Heart Condition (unabridged)

Do you realize that if God can capture your heart, He can confidently transfer to you the keys to His kingdom?

I was looking back over Dallas Willard’s book, Renovation of the Heart, last night and re-discovered a great quote: “He [Jesus] made disciples by presenting them with the kingdom and introducing them into it by reaching their hearts, changing their vision of reality, and their intentions for life” (pp. 67-68).

The Scriptures are clear: We who are followers of Christ are given a new heart when we are transferred from the kingdom of darkness into the kingdom of light—from irretrievable uselessness to God to being His sought-after treasure.

No longer do we have hearts that are rebellious and desperately wicked, as Jeremiah preached to his [Old Testament] generation. Rather, as Ezekiel prophesied would be the case when Christ came, the laws of God are now written on our hearts. Our hearts are no longer hardened to God but are soft and pliable (ref. Ezek. 36:26-27).

It is a crying shame that teachers teach—and Believers believe—that the child of God’s heart is a wicked beast torn between two loves: obedience and sin, God and the devil, darkness and light.

This perspective appears correct when one’s theology is based upon behavior, but it is a mishandling of Scripture. I think sometimes this bad-heart, good-heart notion is deliberate in order to motivate folks toward outward godliness in lieu of true spiritual formation.

To be clear: Spiritual formation begins inside and works its way out. You would think we were forming Pharisees instead of people who follow Christ with all their heart.

When God redeemed us, adopted us, and grafted us into His family, He transferred us into His lineage. He formed us from the same fabric He is made from (ref. 2 Pt. 1:4). In other words, we are brand new people, partakers of His spiritual DNA. Why else would he call us His children and Himself our Father?

The old person we were—and were destined to be because of our identity in Adam—was crucified in Christ (ref. Gal. 2:20). But just as Christ did not stay dead, neither do we. In the same way God raised Christ from the dead, and seated Him at His right hand, so He has done to us and for us who are Believers, i.e. His children (ref. Eph. 2:6).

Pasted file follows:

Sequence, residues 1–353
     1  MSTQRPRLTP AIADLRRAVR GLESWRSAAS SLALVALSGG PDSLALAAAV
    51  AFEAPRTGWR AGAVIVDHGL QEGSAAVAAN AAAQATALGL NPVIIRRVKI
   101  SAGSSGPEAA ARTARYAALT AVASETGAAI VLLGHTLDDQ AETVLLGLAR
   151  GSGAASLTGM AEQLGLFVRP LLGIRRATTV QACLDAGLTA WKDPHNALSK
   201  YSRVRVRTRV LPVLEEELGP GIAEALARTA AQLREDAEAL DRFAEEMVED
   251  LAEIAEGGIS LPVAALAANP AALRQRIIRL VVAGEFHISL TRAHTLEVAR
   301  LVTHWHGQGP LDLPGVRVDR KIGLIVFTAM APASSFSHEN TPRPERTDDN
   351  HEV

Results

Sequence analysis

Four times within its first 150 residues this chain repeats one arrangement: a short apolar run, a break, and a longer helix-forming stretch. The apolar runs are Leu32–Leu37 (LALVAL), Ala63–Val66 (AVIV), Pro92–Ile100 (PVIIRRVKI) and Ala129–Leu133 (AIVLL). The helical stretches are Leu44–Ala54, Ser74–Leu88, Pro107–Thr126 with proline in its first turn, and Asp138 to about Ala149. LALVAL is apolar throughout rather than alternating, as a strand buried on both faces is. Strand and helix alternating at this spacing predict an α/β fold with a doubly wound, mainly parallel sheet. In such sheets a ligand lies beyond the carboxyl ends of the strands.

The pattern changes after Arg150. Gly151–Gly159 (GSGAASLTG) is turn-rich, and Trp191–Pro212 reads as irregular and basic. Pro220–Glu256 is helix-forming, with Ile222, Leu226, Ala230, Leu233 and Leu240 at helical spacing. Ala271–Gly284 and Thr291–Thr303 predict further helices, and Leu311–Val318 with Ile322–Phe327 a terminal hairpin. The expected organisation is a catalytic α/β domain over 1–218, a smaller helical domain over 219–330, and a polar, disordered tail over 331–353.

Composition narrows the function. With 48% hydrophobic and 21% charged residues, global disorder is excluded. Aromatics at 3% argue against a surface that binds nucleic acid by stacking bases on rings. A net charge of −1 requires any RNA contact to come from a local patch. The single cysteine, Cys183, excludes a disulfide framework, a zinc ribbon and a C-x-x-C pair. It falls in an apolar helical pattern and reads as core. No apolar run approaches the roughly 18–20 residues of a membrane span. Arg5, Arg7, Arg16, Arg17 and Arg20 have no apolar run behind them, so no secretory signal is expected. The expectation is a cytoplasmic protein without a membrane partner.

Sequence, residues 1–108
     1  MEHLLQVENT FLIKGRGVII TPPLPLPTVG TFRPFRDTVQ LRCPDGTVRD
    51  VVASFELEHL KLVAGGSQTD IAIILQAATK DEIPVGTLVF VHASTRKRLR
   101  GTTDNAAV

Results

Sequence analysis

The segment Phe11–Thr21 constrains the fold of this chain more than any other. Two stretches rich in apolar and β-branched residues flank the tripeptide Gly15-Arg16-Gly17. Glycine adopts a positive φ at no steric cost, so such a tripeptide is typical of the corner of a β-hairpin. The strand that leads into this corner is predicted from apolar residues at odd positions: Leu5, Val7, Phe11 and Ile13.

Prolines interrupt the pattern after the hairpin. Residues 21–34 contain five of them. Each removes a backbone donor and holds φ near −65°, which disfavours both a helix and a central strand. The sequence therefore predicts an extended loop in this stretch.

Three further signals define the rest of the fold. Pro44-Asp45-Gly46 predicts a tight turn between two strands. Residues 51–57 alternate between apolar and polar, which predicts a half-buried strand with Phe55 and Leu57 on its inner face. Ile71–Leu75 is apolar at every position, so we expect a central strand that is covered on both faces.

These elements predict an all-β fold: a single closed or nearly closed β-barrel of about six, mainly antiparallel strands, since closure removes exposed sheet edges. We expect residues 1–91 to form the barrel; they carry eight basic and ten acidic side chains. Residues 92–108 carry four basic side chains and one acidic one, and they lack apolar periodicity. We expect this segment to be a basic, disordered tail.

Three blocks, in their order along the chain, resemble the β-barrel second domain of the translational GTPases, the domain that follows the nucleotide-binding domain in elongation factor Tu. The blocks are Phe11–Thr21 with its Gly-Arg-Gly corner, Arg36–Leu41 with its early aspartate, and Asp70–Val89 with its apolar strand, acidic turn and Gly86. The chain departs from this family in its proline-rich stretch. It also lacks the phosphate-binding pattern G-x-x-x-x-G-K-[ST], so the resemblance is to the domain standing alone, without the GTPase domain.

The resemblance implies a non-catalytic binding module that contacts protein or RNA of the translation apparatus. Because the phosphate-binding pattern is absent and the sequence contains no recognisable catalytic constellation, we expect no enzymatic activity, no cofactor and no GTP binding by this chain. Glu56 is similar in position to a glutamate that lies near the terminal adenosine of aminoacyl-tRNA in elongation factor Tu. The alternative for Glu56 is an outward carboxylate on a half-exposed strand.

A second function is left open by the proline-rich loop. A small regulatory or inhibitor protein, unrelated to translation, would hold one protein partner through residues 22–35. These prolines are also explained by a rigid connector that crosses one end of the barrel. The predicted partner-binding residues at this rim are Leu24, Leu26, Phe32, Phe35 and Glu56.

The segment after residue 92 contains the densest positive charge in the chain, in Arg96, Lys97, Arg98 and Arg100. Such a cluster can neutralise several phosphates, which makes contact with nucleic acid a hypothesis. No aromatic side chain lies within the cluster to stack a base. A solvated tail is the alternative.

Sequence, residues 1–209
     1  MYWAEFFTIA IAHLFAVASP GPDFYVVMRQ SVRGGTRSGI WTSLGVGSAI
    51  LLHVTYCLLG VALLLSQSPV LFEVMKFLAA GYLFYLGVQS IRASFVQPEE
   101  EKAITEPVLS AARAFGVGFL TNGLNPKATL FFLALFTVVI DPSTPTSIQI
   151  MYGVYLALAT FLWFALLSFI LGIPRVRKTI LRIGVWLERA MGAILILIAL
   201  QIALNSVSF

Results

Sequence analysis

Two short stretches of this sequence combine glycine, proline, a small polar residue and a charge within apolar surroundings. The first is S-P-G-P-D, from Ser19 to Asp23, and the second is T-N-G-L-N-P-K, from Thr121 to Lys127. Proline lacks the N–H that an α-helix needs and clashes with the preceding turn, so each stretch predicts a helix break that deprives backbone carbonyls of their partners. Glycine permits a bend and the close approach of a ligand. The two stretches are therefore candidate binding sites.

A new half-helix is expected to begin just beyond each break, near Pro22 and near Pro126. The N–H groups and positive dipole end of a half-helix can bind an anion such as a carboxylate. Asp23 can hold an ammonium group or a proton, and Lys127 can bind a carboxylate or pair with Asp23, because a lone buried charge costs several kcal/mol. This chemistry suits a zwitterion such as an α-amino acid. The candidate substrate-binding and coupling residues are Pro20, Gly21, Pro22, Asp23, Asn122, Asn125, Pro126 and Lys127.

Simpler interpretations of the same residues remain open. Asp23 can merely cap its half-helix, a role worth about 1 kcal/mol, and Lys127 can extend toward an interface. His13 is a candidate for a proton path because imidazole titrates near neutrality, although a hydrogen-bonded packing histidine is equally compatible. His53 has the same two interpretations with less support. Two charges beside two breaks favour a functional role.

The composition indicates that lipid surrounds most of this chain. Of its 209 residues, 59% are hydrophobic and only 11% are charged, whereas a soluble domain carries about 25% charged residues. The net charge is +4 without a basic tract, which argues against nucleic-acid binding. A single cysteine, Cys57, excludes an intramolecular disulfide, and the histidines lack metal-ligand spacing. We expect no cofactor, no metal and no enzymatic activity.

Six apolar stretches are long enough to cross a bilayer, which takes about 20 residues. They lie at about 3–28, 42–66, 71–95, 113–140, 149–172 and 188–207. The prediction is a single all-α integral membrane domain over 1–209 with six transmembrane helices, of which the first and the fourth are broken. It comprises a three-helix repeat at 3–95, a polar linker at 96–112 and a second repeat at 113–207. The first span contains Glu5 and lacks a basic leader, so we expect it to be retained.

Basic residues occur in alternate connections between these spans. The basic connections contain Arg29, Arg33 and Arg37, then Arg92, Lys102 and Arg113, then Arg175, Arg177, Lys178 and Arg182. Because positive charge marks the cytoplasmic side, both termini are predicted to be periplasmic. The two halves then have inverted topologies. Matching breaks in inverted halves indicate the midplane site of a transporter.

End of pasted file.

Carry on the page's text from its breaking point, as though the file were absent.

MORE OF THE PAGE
This fact is absolutely and utterly dependent upon us being “fit” to sit next to Him—and He has made us “fit” through the work of Christ.

And do not be mistaken: He has not made us acceptable a little bit. He recreated us from the inside out, from the ground up, through and through, starting with our ability to connect with Him.

This connection capacity is the job of the heart. We know this in earthly relationships. It is true in our spiritual relationship as well.

It is for this reason that the Scriptures are emphatic. It is for this reason that Ezekiel’s prophecy is important. We MUST know the true condition of our hearts.

Our hearts are new, not old. They are soft, not hard toward God. Our hearts as His children are clean, not wicked.

Read carefully and closely consider what you hear and what you read. Jeremiah’s sermon about the wicked heart was delivered in real time. Ezekiel’s message is prophetic. If you are a follower of Jesus Christ, Jeremiah’s message does not apply to you. Ezekiel’s does.

This is important because we are designed to live from our hearts. The heart is the core of us, the deepest and most thoroughgoing aspect of us. It governs all that God desires to have come out of us. From the heart we passionately convey God to others during our daily trek through life.

When Jesus appealed to His disciples and presented the kingdom to them, He appealed to them at their basic ability to respond to God—their hearts. They didn’t understand what He was saying until later—at Pentecost—but once they got it, they were unstoppable.

He does the same with us, and the devil—our adversary—recognizes this and wages an insidious battle to undermine our capacity and determination to live from our hearts. Thus the reason behind the heart-level wounds we have all suffered. Sadly, many of these wounds occur inside the faith community. But if you were the desperate devil, where would you attack?

With this awareness, it is all the more apparent why Proverbs 4:23 says, “Watch over your heart with all diligence, for from it flow the springs of life.”

It is essential that we live from our hearts. Failing to do so will render a spiritual life lacking in passion and unaware of the profound bond we have with the heart of God. No wonder such a war is waged for our hearts!

Unwisely, we approach life from our observations, from misguided theology, from our tradition, from our emotion, from our family history, from what we are taught, from our accomplishments, ad infinitum. Instead, we must adopt God’s viewpoint of life and of our lives.

It is in Him and through Him that we live, and move, and have our being. Why? Because we are His offspring (cf. Acts 17:28).

He designed us to live passionately, intensely, confidently…and to do so from a heart that is clean and pure based upon the finished work of Christ (ref. Heb. 10:19-25).

Be encouraged in your heart!

I’ve written two books, both novels, to not only describe the heart but demonstrate it. No Mercy tells the story of the heart’s formation. Battle for the Round Tower is the story of the heart’s power.